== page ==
Aezani – The Temple of Zeus and a ‘Lost World’

I suspect that most people drive through Çavdarhisar and barely notice; it is, after all, a pretty nondescript dot on the map on the road to or from Kütahya about 60km southwest of that town. If you take the time, turn off the main road, and follow the signs for about 1 km you’ll arrive at the site of the Roman city of Aezani.


Aezani is spread out over a vast area each side of the road, but it is the Temple of Zeus built by Hadrian in 125 AD that dominates the site. Said to be the finest surviving example this temple to the ‘God of Gods’ is truly impressive with an immense underground vault or sanctuary dedicated to Cybele whose well preserved bust stands at the foot of the temple mound.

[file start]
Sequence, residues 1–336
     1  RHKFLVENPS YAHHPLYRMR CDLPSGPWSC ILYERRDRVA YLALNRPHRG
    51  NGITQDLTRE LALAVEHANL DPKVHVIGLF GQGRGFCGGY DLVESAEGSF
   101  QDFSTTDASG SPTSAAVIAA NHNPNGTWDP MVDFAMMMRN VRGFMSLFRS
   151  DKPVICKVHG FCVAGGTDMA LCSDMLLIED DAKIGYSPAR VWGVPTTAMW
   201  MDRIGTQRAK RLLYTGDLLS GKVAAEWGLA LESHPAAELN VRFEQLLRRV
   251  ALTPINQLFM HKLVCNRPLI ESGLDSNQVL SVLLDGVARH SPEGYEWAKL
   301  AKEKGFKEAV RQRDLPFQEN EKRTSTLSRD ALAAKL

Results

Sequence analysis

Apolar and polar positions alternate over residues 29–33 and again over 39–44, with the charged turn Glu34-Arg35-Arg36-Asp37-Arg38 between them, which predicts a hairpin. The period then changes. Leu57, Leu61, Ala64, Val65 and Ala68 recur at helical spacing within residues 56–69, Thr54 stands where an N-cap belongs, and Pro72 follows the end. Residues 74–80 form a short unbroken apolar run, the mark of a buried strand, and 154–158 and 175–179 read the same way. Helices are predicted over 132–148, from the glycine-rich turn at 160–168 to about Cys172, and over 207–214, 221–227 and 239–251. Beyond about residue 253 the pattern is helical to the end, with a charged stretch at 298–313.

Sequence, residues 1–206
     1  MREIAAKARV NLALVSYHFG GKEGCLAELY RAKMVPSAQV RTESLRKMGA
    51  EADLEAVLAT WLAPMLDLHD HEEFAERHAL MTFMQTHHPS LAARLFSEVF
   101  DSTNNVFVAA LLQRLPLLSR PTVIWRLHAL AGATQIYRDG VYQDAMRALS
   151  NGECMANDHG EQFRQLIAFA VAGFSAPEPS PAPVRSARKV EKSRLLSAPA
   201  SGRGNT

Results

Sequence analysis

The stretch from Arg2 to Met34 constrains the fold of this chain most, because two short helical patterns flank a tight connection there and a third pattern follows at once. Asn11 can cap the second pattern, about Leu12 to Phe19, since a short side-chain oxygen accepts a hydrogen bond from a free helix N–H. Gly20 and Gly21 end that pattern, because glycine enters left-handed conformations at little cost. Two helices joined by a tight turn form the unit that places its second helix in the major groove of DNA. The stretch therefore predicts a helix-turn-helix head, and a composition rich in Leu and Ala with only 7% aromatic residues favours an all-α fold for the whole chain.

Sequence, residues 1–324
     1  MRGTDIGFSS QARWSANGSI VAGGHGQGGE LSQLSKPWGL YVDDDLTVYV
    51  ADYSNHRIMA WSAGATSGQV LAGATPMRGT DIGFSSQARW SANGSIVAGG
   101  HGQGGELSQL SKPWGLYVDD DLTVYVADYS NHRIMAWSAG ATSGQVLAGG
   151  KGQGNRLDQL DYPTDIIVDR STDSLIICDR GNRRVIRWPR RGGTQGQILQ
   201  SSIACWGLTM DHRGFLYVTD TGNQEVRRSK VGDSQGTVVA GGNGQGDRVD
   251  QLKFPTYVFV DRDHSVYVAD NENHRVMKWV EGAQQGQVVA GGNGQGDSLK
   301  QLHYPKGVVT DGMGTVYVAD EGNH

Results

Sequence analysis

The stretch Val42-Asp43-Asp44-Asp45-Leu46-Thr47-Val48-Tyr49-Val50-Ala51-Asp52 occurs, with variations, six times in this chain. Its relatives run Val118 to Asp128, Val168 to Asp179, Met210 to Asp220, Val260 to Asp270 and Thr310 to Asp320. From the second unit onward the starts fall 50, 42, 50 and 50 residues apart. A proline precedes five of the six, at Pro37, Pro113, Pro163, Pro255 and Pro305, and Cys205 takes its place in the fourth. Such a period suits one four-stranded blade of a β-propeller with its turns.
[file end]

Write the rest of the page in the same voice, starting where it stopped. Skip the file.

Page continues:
Imposing as Aezani is, it is not what fascinates me and draws me back from time to time. My interest lies in the ‘village’ of Çavdarhisar that lies between the main road and the historic site. As you arrive at the site, roads either side of the river lead to a ‘lost world’ of village life and scenes – rather than try and describe this world to you I’ll let my inadequate views through my battered old SLR lead you into this world. Perhaps, like me, you will be drawn back again and again . .

Alan Fenn, Okçular Köyü


window detail

Goosey Goosey Gander . .
the yard

their life in ruins . .
old Roman bridge
mosaic floor found under a cow shed in village
sarcophagous water trough
ruins from ruins


Over Easy?